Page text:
There are three things you should really avoid talking about on a first date. Food, politics and science fiction. Star Wars, Star Trek, comic books, Doctor Who, Alien, the lot. Just avoid it if you can until you’re “going steady”, because if the sci-fi chat comes out too early on, the chances are you’ll have an intergalactic battle on your hands before you even get to the bedroom.
So why is sci-fi a no-no? Put simply, it is extremely political, and sci-fi fans get very touchy when you don’t get their hobby.
If you’re not into it and the other half is, you will find yourself competing with Batman and/or Spidey for your lover’s affections. And Batman will always win – he’s Batman.
There’s nothing wrong with liking sci-fi, it’s just if you’re going to do it, you have to do it right . It’s a lifestyle choice, and unless you’re committed, you’ll screw it up. You’ll call someone a “Whovian” and before you know it, you’ll be a permanent resident of social Siberia.
If you’re not a sci-fi or fantasy fan, trips to the cinema will be ruined for you, as every other new release is based on a comic book, and he will want to see them all. You never realised you could become tired so quickly of watching buff blokes suited up in rubber bounce around a giant screen.
There will be conventions too. You will avoid these at first and just leave your man to his hobby, but this is a mistake. Conventions are a hotbed of drunk, awkward regrettable sex. Don’t believe me? A room – nay a hangar – absolutely packed to the rafters with people dressed up as your lover’s favourite characters? Have you seen these outfits? There is an ocean of flesh on display, and some of it is toned and tattooed and on its way to steal your man.
So you’ll go to them, you will traipse around after your man while he gets his forearm signed by the guy who played Adric in Doctor Who (Google it) so he can have it inked on permanently later. Your lack of enthusiasm won’t be accepted, by the way, so if you want to cling on to your Klingon (sorry), you’re going to have to fake it to make it.
And then there is all the merchandise. There’s nothing huge entertainment companies like more than foisting their substandard “who is that supposed to be?” merch on their franchise’s unsuspecting fans. Every time you sneeze at your boyfriend’s flat, ten R2-D2 pepper pots will fall over, and you’ll awake after a night of passion with a Starship Enterprise alarm clock staring you back in the face.
Comic books, action figures, DVD boxsets (all unwatched), novelisations – this guy’s pad would make a fortune on eBay, if he ever took enough time off arguing on message boards to put it all on there.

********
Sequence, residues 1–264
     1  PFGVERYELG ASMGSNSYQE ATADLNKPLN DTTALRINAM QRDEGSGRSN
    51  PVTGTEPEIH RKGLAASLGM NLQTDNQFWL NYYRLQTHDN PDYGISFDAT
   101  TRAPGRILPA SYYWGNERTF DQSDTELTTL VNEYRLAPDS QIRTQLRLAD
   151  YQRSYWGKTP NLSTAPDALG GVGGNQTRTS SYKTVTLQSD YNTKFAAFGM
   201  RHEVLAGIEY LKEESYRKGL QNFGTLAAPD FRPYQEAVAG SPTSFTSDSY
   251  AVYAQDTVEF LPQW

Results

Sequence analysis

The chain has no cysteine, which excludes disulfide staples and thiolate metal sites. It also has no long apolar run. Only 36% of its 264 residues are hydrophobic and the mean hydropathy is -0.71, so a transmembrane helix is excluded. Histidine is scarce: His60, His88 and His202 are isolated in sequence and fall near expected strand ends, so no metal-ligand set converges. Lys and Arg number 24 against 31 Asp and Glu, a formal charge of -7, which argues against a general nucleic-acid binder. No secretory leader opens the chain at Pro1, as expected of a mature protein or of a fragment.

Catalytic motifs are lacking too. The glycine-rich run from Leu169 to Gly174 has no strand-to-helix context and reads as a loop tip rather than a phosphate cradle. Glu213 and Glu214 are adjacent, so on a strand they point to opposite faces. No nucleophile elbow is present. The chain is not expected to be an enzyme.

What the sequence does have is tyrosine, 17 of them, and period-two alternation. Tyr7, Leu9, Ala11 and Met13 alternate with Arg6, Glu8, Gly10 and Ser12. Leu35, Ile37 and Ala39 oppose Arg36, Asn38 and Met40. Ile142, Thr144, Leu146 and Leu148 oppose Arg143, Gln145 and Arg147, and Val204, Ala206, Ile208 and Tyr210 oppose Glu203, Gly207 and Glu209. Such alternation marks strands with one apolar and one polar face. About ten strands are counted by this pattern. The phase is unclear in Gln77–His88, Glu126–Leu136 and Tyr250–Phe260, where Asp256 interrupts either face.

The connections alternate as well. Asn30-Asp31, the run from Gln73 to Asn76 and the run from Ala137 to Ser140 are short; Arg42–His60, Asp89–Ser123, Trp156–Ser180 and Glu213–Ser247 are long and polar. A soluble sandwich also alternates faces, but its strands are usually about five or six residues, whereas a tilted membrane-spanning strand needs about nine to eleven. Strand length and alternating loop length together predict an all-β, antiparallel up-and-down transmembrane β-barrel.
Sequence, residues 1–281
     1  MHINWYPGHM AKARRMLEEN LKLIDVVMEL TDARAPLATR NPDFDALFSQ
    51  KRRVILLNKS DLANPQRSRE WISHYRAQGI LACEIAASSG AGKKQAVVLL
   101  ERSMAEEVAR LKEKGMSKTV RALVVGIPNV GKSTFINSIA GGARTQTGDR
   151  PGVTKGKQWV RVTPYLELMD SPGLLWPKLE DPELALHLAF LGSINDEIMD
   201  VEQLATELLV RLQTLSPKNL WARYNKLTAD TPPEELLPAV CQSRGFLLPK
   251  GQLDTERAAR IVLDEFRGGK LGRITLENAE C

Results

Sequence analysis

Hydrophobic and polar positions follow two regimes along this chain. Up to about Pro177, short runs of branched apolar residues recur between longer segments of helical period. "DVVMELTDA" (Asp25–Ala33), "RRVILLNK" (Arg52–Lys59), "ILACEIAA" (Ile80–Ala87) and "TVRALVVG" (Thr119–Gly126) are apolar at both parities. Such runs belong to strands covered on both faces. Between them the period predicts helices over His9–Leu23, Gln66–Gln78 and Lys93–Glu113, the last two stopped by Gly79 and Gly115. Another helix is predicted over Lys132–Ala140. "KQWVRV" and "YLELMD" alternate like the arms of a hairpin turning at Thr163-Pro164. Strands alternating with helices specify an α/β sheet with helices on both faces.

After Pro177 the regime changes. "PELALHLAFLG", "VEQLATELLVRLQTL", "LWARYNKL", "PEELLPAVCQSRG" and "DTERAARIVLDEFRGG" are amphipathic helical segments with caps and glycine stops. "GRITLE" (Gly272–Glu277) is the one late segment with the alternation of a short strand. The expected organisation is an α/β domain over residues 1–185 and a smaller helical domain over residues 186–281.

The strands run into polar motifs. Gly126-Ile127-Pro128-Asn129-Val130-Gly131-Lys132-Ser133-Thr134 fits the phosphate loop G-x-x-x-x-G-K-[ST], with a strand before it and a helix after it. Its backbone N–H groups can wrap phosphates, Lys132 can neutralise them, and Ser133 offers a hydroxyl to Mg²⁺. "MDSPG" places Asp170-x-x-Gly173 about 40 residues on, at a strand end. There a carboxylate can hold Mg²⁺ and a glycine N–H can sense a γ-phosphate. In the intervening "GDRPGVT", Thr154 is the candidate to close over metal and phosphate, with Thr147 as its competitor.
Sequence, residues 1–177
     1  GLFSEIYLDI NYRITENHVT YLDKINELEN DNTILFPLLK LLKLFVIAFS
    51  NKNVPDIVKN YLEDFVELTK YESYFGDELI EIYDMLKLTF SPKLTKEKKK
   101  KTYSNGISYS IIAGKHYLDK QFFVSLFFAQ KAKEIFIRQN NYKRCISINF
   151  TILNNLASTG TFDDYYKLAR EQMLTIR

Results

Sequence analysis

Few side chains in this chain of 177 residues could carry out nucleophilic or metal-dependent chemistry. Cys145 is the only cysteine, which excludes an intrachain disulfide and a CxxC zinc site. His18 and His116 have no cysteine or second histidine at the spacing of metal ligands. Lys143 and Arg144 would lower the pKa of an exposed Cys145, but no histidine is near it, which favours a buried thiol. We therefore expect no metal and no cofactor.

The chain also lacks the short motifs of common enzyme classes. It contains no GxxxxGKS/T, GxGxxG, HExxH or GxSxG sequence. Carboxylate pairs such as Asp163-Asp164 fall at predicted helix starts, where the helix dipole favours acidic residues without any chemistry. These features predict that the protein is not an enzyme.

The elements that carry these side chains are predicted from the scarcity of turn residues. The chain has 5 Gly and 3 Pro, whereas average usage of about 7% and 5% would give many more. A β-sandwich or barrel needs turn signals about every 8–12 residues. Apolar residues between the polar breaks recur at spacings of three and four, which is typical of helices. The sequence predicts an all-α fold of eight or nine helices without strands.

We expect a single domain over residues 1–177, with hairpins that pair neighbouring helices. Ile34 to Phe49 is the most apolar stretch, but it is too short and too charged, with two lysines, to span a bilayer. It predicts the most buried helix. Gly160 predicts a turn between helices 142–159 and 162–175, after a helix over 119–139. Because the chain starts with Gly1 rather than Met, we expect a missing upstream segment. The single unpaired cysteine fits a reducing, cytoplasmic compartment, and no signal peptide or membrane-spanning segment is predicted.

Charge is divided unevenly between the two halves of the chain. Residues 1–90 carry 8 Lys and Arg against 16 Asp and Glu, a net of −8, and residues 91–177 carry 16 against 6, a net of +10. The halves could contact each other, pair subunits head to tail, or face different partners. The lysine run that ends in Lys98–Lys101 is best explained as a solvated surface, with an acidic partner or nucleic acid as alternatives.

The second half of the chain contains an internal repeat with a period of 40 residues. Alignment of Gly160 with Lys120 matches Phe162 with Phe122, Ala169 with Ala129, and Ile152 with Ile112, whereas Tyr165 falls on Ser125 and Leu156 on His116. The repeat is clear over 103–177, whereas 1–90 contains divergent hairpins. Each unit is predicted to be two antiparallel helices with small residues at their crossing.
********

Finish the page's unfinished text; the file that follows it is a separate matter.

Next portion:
“Why do you keep these?” you will say, picking up a dogeared annual from 1976.
He will mumble something about it being worth a bit of money, but this is just to shut you up – he has no intention of selling any of it, and he’s already plotting the delivery of his next tonne of ephemera.
And if, by any chance, you like sci-fi too, don’t think you’ll escape the hell. For a start, it is very unlikely you will like the same branch of sci-fi, or even the same company who makes it. Arguing over which is better out of Marvel and DC Comics is the biggest cause of divorce among sci-fi couples – that’s actual science fact.
Even if you both – miracle upon miracle – like the same brand of sci fi, there’s no escape from conflict. I watch Doctor Who, so I have often used this to hoist myself up on the first rung of any sexual ladder I hoped to climb upon meeting a sci-fi guy I have wanted to sleep with. This was usually met with derision and quick-fire release of cliches like “It’s a kid’s show” or “It’s too confusing nowadays”, but if by any chance they liked it too, there would be immediate tests to check how authentic a fan I was.
“Who was your favourite Doctor growing up?” Peter Davison. This occasionally elicited an eye-roll.
“Who’s your favourite modern Doctor?” This was a tricky one. If you say David Tennant, you’re boring, and if you say Matt Smith, well, “you’re just pandering to the Moffat mafia”. No, I don’t know what that means either.
The rivalry between fans of the same show can get disturbingly granular.
”But what’s your favourite episode of Doctor Who?” said one date. There are right and wrong answers to this, by the way. No such thing as opinion when it comes to Doctor Who.
I’d read enough Digital Spy forums to know there were some episodes that could never in a million years be anyone’s favourite, so obviously being king of the trolls, I picked it.
“Fear Her,” I said, before motioning for the waiter to bring the bill. I was alone in my flat googling pictures of Jamie Dornan within the hour.
So if you’re on the verge of dating a Superman lover, think long and hard about whether you can compete with the Man of Steel. If you can cope with a roomful of Wookie action figures, being blanked by your boyfriend’s mates because Amy Pond was your favourite Doctor Who companion, sitting through a 35-year-old episode of Blake’s 7, then go for it. But you’ll need to go totally native. You’d better get on eBay pretty quickly – you’ve got a flat to fill.
FYI: I am really looking forward to the new Star Wars movies and, yes, Amy Pond is my favourite Doctor Who companion, so fuck you.
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